Democracy and Abundance: the Declining Middle and Postliberal Politics
Democracy and abundance have almost always been at the heart of American ideals about the "good life." The framers of the constitution envisioned possible states of affairs in which the organization of resources and distribution of rights, responsibilities, and goods would realize these core values and generate legitimacy and consensus. Their concept of democracy defined what American society was and what it should become. Various advocates proposed social and political changes that seemed possible and even "necessary" to important segments of the citizenry. Jefferson's participatory democratic vision stressed equality and plenty. Its self-governing citizenry were primarily agricultural independent producers, with a much smaller contingent of artisans, petty manufacturers, and merchants.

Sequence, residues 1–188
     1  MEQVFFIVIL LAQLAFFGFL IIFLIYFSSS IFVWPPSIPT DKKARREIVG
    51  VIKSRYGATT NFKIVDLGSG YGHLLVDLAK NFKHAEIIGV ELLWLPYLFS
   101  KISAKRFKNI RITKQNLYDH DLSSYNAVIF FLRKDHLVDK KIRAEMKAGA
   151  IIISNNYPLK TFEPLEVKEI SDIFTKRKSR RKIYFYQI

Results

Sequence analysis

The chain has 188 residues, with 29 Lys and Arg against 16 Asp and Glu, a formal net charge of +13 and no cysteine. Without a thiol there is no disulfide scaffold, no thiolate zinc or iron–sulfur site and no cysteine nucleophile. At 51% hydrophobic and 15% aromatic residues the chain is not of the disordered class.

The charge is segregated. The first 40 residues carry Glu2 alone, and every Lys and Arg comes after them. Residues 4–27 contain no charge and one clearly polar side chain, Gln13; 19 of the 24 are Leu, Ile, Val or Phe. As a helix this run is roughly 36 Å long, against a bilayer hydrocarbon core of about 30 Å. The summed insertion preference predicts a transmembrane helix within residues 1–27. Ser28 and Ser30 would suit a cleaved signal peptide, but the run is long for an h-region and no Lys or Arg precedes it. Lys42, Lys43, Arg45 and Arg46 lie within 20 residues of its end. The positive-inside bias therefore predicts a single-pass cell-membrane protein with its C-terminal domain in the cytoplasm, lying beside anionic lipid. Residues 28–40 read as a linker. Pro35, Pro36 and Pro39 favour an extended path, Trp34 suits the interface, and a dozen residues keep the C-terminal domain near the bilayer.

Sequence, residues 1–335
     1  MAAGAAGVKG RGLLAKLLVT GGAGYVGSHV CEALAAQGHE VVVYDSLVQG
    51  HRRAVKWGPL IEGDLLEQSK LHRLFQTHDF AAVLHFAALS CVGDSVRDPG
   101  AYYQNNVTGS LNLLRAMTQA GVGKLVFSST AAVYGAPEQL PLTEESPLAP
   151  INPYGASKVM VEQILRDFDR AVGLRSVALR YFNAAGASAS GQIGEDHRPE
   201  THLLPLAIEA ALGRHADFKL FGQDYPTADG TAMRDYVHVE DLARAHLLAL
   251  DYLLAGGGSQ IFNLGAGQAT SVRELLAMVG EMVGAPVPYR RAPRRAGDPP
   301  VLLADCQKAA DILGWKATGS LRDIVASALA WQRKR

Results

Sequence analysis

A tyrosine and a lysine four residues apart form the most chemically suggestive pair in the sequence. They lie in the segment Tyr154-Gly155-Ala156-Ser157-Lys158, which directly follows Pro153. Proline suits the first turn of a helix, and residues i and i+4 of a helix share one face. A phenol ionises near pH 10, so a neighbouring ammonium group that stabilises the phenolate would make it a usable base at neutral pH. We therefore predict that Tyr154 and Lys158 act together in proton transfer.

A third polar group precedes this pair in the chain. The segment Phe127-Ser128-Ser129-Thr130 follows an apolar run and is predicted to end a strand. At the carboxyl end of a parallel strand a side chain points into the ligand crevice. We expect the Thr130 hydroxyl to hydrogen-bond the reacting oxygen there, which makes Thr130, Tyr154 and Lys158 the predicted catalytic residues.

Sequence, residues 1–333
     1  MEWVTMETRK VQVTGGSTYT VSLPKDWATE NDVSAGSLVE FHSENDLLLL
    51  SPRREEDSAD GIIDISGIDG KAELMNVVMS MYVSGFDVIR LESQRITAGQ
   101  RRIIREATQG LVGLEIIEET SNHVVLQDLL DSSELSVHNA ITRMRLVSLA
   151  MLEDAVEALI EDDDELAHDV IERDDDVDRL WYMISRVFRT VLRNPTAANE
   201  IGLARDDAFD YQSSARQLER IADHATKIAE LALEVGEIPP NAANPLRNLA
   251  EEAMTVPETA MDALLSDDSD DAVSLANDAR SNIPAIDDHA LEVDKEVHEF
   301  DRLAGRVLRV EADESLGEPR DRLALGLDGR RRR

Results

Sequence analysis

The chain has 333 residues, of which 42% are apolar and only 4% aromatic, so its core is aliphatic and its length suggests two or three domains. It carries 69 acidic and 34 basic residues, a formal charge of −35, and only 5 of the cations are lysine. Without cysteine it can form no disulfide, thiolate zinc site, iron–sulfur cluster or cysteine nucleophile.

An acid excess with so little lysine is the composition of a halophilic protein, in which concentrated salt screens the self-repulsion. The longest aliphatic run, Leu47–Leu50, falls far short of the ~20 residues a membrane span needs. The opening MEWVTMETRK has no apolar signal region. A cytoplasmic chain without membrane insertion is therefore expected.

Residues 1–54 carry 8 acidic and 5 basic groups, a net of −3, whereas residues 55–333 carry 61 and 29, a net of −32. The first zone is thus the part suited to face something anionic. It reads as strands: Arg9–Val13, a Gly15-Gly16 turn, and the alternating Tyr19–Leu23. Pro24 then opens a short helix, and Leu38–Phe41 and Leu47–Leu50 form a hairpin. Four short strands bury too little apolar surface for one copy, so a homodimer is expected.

Sociology and Anthropology
Antonio, Robert, and Tim Knapp. "Democracy and Abundance: the Declining Middle and Postliberal Politics." Telos 1988, no. 76 (1988): 93-114.